Is the incredible story of two tennis players, Dick Williams and Karl Behr, and how they survived the sinking of the Titanic disaster 100 years ago only to play each other in the quarterfinals of the modern-day U.S. Open tennis championships with the winner going on to stage a major upset victory in the final the greatest story in the history of tennis?
The new novel TITANIC: THE TENNIS STORY by Lindsay Gibbs ($12.95, New Chapter Press) tells a narrative tale of Williams and Behr and their incredible stories of survival from the Titanic disaster. The two tennis standouts amazingly survived the sinking and met each other on the rescue ship Carpathia.
Two years later, the two became U.S. Davis Cup teammates and again faced each other in the quarterfinals in the biggest tennis tournament in the country, the U.S. Nationals the modern-day U.S. Open. The winner went on to become the unexpected singles champion of the tournament, winning their first major singles championship with a final-round upset over the world's best player Maurice McLoughlin the Roger Federer of this era in tennis.
Behr was one of the best tennis players in the United States when he boarded the Titanic on April 10, 1912. He was a member of the 1907 U.S. Davis Cup team and a Wimbledon doubles finalist that year.
In 1912, he was madly in love with Helen Newsom and his courtship brought him to Europe, where he chased after his future wife and her mother, who was disapproving of the relationship. Both Behr and Newsom had return trips to America on the fated ship Titanic. Behr escaped with in a stroke of luck with Newsom and her family on the second life boat. The two became officially engaged a few months after the sinking and were married 11 months after the disaster on March 1, 1913.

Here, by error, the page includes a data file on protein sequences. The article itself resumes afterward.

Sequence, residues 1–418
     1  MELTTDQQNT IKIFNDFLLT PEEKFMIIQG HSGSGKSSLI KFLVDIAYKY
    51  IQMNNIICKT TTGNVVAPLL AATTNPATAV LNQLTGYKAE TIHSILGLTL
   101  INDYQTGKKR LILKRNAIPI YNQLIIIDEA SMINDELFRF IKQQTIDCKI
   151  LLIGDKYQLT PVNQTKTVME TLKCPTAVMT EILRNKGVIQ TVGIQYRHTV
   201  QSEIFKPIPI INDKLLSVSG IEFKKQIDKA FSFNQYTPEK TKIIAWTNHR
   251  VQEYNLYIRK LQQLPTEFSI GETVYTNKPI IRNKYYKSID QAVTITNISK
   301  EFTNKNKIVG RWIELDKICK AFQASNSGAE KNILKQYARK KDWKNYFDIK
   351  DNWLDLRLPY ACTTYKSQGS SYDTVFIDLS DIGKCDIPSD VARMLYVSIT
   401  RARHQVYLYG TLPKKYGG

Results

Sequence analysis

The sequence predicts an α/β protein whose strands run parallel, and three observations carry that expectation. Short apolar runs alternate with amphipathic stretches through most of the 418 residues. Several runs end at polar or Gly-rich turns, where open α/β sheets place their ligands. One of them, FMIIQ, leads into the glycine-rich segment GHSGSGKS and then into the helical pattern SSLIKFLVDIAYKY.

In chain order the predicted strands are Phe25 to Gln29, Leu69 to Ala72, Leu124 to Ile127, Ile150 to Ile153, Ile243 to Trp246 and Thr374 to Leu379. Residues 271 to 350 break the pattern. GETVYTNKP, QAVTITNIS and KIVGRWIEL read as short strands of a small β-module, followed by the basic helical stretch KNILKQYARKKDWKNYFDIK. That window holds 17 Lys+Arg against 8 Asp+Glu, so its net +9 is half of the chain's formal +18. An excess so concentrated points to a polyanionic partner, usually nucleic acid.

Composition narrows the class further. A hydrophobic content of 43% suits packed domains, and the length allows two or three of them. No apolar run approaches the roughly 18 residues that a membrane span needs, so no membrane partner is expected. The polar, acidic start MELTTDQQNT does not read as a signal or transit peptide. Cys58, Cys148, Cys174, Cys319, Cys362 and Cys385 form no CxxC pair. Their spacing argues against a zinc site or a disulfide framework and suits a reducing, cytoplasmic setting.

Williams was traveling with his father to the United States to enroll in Harvard and was set to begin to test his skills against the top tennis players in the United States. His father was killed when one of Titanic's smokestacks crushed him, but Williams was able to miraculously survive the night in the cold, icy sea by hanging on to a partially collapsed lifeboat.
While on the rescue ship Carpathia, a doctor recommended that his frozen legs be amputated to save his life, but Williams refused and endured enormous pain walking the decks of the ship to restore his circulation. Six weeks after the tragedy, he won his first tennis tournament on U.S. soil at the Pennsylvania State Championships (defeating a young Bill Tilden en route), followed by victories at the U.S. National Mixed Doubles Championships and the U.S. Men's Clay Court Championships.
The novel is the first for Gibbs, originally from Greensboro, North Carolina, now a resident of New York. She is a film school graduate of New York University and blogger for www.TennisGrandstand.com. Gibbs constructed the novel based on extensive historical research in newspapers, magazines and other periodicals and from historical first-person writings from the era and of survivors. She took creative license with dialogue and personalities and created certain situations in the novel, classified as a work of historical fiction.
TITANIC: THE TENNIS STORY is available in print or electronic edition at your local independent bookshop, www.BarnesandNoble.com, www.indiebound.org, iTunes, Kobo, and elsewhere. It is not currently available in a Kindle edition.
For more on TITANIC: THE TENNIS STORY and New Chapter Press, visit www.NewChapterMedia.com.Copyright © 2014, Los Angeles Times